The Magic World
The Magic World is an influential collection of twelve short stories by E. Nesbit. It was first published in book form in 1912 by Macmillan and Co. Ltd., with illustrations by H. R. Millar and Gerald Spencer Pryse. The stories, previously printed in magazines (like Blackie's Children's Annual), are typical of Nesbit's arch, ironic, clever fantasies for children.
The twelve stories in the collection are:
- "The Cat-hood of Maurice" — a boy abuses the family cat, and learns to see things from the feline point of view.
- "The Mixed Mine" — two boys find a magic spyglass, and use it to make their fortunes.
- "Accidental Magic" — Quentin falls asleep on the altarstone at Stonehenge, and wakes in Atlantis.
- "The Princess and the Hedge-pig" — King Ozymandias and Queen Eliza plan a secret christening for their Princess Ozyliza, to avoid a wicked fairy's curse. Things go awry.
- "Septimus Septimusson" — he is the seventh son of a seventh son, who can see fairies and hear the beasts speak; and he must seek his fortune.
- "The White Cat" — a boy finds a china ornament in the attic; it proves to be a magic talisman.
- "Belinda and Bellamant" — they are a princess and prince suffering curses; a talking bat helps resolve their problems.
- "Justnowland" — Elsie visits a magic land of giant crows, and a dragon.
- "The Related Muff" — a sensitive boy, dismissed as a "muff" by his cousins, proves himself a hero in a crisis.
- "The Aunt and Amabel" — a girl enters a magic world through a wardrobe.
- "Kenneth and the Carp" — unjustly accused, a boy transforms into a fish and redeems his honor.
- "The Magician's Heart" — an evil magician distributes curses at royal christenings. Complications ensue.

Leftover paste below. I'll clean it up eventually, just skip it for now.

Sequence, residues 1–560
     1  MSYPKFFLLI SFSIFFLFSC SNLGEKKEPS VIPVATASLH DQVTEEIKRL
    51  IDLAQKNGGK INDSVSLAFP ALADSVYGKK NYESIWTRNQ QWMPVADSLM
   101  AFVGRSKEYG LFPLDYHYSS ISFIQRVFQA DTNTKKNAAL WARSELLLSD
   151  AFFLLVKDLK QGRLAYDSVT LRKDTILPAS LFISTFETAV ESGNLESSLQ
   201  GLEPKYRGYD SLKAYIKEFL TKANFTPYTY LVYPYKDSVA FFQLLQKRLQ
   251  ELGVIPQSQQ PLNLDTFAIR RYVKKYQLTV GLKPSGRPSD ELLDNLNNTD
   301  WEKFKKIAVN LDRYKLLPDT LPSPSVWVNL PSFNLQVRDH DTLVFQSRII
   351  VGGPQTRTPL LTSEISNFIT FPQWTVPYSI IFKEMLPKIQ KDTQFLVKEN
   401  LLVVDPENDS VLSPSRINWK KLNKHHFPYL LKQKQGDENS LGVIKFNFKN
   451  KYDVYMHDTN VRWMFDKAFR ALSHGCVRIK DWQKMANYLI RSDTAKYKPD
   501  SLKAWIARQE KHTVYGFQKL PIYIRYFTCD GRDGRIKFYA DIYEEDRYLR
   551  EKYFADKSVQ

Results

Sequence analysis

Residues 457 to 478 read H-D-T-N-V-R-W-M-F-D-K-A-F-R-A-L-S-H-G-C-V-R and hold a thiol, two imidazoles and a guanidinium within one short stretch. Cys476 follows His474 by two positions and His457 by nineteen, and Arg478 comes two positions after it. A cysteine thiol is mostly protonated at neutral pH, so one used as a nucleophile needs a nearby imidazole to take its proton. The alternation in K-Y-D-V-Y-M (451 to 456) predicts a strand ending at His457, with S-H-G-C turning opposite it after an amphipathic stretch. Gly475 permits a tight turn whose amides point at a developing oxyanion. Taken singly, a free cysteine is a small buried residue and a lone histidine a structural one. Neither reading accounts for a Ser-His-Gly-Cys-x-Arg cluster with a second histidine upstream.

The story "The Aunt and Amabel" has received attention as a precursor of C. S. Lewis's first Narnia novel, The Lion, the Witch, and the Wardrobe. "Accidental Magic" has been seen as exerting an influence on J. R. R. Tolkien. Conversely, Nesbit's "Justnowland" displays the influence of Lewis Carroll's Alice in Wonderland.
Nesbit's little girls tend to get in trouble over their efforts at gardening. Elsie in "Justnowland" uproots turnip plants she mistakes for weeds; Amabel cuts chrysanthemum blossoms from a greenhouse and tries to plant them in a flower bed. Stories in the collection feature talking animals and human/animal transformation, with implications regarding animal welfare and avoidance of mistreatment. The opening story is the most explicit in its message against cruelty to animals.
- Dr Strongitharm's was a school for "backward and difficult boys." Need I say more? — "The Cat-hood of Maurice"
- There is no moral to this story, except...But no — there is no moral. — "The Mixed Mine"
- But it's no good. King's sons aren't what they used to be. A silly lot they are nowadays, all taken up with football and cricket and golf. — "Septimus Septimusson"
- And Sep and his dear Princess are as happy as they deserve to be. Some people say we are all as happy as we deserve to be — but I am not sure. — "Septimus Septimusson"
- There is nothing more luxurious than eating while you read — unless it be reading while you eat. Amabel did both: they are not the same thing, as you will see if you think the matter over. — "The Aunt and Amabel"
- We are The People who Understand. And now you are one of Us. — "The Aunt and Amabel"
- And the house was surrounded by a real deep moat, with clear water in it, and long weeds and water-lilies and fish — the gold and the silver and the everyday kinds. — "Kenneth and the Carp"
- And so the story ends with love and a wedding, and showers of white roses. — "The Magician's Heart"
- Theodore Baehr and James Baehr, Narnia Beckons, Nashville, TN, B&H Publishing Group, 2005; p. 73.
- Mervyn Nicholson, "Magic Food, Compulsive Eating, and Power Politics," in: Disorderly Eaters: Texts in Self-Empowerment, edited by Lilian R. Furst and Peter W. Graham, University Park, PA, Penn State Press, 2004; pp. 57-8.
- Robert Giddings and Elisabeth Holland, J. R. R. Tolkien: The Shores of Middle Earth, London, Junction Books, 1981; p. 225.
- Carolyn Sigler, ed., Alternative Alices: Visions and Revisions of Lewis Carroll's Alice Books, Lexington, KY, University Press of Kentucky, 1997; pp. 179 and ff.
- John Clute and John Grant, The Encyclopedia of Fantasy, New York, Macmillan, 1999; p. 188.
- For a comparable and contemporaneous parable against cruelty to animals, see L. Frank Baum's 1907 novel Policeman Bluejay.